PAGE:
Wednesday, March 17, 2010
Written by Fantasma el Rey
Robert Leroy Ripley was a cartoonist, writer, entrepreneur, and amateur anthropologist. A successful blending of those accomplishments is what made the man and his name famous and well known around the globe. He is the Ripley in Ripley’s Believe It Or Not. What started as a newspaper panel feature with some text and a drawing of the subject became a radio show, movie shorts, numerous books, and a short-lived early T.V. series. Those movie shorts are now available on DVD for the first time from the Warner Brothers Archive Collection.
Ripley’s Believe It Or Not is a two-disc collection of the 24 complete Vitaphone short films shot in 1930-31. Each episode is filled with on-location footage, photos sent by followers of his panel, and of course, his world famous drawings. Supposedly filmed as if each short took place in a different setting, such as Ripley’s office, a courtroom, on board a passenger ship, an elegant estate dinner, and so on, each appear to be just another studio set. Yet on that set there was always one person that would have some kind of trick or feat to wow the audience and give them the treat of a live "Believe It Or Not," as these presentations of facts, oddities, and tricks came to be known. Each episode features Ripley presenting the information then drawing a picture, showing some film, or merely just making a statement or answering a question put to him.
Each roughly eight-minute episode is crammed with many "Believe It Or Not"s and provides a good look at some of these oddities captured on film. Like the women who can read 200-plus words in 24 seconds, a two-headed turtle and many other odd animals with some special distinct feature or distinct patches of fur, like the cow with Mr. Lincoln on its side. Some more good tidbits of info include the fact that at the time America had no national anthem and Rip shows that that The Star-Spangled Banner was based on an old drinking song. He also presents some of his most famous drawings that include the man who had horns, the man who bored a hole in his head so he could carry a candle, and the ladies of Burma who elongate their necks by adding rings to them. And those are just a few of the treats provided.
The drawback is that some feats, as neat as they are, just aren’t very interesting. Like the lady who made the large yarn ball. Some of the footage shown is of people and places that time forgot, which consist of old hermits who lived on the same out of the way farm all their lives. Looking back at 1930s America that doesn’t seem that hard to believe. But at the time I’m sure folks were wowed by it. The information is presented quickly and at times is a bit hard to digest or get a handle on, making it a bit difficult for those that want to go and actually check Ripley’s facts. An interesting note here is that Ripley did have a fact checker, one of the best and most dedicated in a linguist named Norbert Pearlroth, who had been with Rip since his early newspaper days. So I’m sure most of the facts stand true, believe it or not.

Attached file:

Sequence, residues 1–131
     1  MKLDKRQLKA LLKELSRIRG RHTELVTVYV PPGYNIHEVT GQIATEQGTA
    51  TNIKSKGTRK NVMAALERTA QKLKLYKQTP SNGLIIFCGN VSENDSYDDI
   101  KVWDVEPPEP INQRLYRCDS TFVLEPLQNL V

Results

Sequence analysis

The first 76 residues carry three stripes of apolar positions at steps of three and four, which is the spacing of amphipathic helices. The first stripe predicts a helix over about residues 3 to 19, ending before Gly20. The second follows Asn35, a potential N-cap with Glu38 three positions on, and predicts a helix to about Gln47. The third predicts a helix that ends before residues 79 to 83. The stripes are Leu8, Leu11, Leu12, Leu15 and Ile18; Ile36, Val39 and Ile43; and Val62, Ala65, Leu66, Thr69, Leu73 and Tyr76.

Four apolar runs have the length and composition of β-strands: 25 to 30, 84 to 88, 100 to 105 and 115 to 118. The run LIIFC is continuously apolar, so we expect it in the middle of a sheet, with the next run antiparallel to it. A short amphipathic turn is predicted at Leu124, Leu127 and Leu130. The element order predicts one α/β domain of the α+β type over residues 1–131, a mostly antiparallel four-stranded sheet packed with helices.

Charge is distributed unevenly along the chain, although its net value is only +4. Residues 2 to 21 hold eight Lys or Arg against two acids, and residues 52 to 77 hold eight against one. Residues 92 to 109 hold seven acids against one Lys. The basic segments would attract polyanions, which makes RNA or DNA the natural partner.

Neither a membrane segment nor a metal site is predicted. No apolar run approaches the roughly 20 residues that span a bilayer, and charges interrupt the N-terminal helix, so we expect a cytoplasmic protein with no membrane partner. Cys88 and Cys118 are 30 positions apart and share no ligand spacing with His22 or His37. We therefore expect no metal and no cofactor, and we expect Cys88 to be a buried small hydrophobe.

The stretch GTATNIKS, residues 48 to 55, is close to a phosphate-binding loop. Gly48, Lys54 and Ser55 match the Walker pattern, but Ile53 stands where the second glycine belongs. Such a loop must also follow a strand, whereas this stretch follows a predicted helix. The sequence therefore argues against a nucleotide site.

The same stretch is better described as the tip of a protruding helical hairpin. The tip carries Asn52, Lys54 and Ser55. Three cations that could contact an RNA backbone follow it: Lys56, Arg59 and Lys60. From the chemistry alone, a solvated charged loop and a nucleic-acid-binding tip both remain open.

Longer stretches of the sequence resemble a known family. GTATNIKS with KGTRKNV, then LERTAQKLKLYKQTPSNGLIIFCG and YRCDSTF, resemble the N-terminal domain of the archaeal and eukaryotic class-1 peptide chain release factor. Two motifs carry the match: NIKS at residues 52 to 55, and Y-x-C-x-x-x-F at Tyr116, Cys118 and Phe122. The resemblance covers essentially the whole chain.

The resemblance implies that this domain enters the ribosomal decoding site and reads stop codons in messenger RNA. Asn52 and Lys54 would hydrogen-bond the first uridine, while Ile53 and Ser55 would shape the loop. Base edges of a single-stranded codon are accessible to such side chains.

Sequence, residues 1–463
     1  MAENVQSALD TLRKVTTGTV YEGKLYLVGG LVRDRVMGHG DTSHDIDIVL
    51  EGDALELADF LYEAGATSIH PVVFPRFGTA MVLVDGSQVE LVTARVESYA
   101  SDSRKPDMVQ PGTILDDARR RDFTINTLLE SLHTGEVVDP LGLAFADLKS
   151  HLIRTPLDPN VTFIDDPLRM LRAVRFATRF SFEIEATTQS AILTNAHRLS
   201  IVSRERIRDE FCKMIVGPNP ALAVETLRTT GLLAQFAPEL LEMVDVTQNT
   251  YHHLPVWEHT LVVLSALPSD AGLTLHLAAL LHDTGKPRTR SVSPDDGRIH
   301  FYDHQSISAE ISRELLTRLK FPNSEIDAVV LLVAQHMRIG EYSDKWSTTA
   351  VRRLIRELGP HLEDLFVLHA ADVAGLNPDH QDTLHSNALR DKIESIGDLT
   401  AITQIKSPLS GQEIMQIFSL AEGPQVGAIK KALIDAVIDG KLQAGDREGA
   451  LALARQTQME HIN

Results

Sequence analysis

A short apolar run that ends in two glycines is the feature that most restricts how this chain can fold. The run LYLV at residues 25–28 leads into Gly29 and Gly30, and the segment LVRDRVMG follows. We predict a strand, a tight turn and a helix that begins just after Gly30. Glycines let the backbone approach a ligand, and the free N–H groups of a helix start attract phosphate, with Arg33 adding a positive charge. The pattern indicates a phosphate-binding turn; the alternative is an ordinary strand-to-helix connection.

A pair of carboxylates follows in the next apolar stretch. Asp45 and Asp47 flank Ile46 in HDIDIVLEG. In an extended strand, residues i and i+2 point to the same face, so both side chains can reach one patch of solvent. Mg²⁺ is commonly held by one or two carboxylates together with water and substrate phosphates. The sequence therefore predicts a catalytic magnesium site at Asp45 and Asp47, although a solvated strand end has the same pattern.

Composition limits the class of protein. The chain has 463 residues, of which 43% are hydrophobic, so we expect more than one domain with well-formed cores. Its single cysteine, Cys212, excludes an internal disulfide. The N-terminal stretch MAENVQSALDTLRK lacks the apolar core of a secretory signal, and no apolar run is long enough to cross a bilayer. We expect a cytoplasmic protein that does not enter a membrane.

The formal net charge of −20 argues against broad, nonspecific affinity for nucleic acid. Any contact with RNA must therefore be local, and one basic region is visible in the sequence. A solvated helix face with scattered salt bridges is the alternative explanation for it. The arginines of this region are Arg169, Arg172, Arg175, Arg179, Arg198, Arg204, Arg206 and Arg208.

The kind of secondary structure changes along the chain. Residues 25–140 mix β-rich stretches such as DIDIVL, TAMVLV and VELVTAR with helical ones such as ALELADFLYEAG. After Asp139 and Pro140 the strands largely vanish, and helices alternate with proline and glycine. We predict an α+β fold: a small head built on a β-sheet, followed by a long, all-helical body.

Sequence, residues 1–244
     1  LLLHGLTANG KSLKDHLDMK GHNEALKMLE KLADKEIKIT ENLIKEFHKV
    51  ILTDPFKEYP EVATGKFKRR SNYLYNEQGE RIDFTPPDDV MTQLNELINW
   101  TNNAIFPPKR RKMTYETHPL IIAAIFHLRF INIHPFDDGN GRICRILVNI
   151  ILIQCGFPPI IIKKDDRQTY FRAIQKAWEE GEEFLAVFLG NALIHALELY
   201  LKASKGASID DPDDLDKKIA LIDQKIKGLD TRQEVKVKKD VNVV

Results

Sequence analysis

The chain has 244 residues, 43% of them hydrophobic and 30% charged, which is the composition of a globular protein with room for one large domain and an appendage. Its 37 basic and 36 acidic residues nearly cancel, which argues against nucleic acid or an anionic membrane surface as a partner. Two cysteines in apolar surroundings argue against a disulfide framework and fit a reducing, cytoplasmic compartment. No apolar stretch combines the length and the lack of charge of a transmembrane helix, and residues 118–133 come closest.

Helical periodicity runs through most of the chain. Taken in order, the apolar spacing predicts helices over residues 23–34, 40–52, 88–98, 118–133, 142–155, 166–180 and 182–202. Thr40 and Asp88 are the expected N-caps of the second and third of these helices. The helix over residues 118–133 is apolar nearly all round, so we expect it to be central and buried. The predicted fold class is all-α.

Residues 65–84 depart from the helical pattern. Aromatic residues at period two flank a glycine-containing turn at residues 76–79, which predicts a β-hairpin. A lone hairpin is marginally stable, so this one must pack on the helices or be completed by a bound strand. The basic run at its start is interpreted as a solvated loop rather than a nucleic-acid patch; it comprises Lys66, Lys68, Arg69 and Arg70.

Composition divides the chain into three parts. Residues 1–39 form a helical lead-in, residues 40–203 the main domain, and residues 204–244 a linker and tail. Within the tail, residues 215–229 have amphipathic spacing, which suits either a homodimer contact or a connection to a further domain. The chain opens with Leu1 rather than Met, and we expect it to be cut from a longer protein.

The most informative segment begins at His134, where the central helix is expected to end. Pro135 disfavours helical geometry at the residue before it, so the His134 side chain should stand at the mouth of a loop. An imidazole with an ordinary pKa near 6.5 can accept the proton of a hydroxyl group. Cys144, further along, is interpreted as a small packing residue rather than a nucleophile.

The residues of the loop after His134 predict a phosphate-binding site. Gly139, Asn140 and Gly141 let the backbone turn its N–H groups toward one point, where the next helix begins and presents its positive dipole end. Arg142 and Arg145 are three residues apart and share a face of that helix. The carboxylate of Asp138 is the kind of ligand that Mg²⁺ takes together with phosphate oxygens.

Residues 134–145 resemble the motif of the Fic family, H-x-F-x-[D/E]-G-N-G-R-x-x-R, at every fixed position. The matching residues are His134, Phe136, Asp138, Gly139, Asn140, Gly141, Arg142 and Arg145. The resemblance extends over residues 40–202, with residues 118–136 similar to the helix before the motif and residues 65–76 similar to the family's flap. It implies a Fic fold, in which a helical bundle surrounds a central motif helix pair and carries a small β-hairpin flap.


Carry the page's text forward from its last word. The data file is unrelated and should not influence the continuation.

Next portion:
The two-disc DVD is a good look at Ripley and the legacy he created. We see in these 24 short films the beginning of the latter-day television shows, one hosted by Jack Palance is the one I remember most, which continued to bring these odd feats, strange places, and people right to our doorsteps and into our homes. The major drawback to the two-disc set is that there are no special features at all. Not even a five-minute look at the life of Robert L. Ripley, which would have been the best part of the set, giving us a bit more information on the man and what he created. It would have been nice to further explore the T.V. shows that came later, the museums and “odditoriums” he opened and which house many of his finds and art work. If you want to know more you have to search it out which is okay but it seems like a missed opportunity to make this set even better by adding just one more short film on Ripley himself. I say rent this one for its bits of good facts, displays of oddities, and historical significant but overall not really worth the loot, especially with no extras.
Believe It Or Not.
Available to order through Warner Bros. Archive.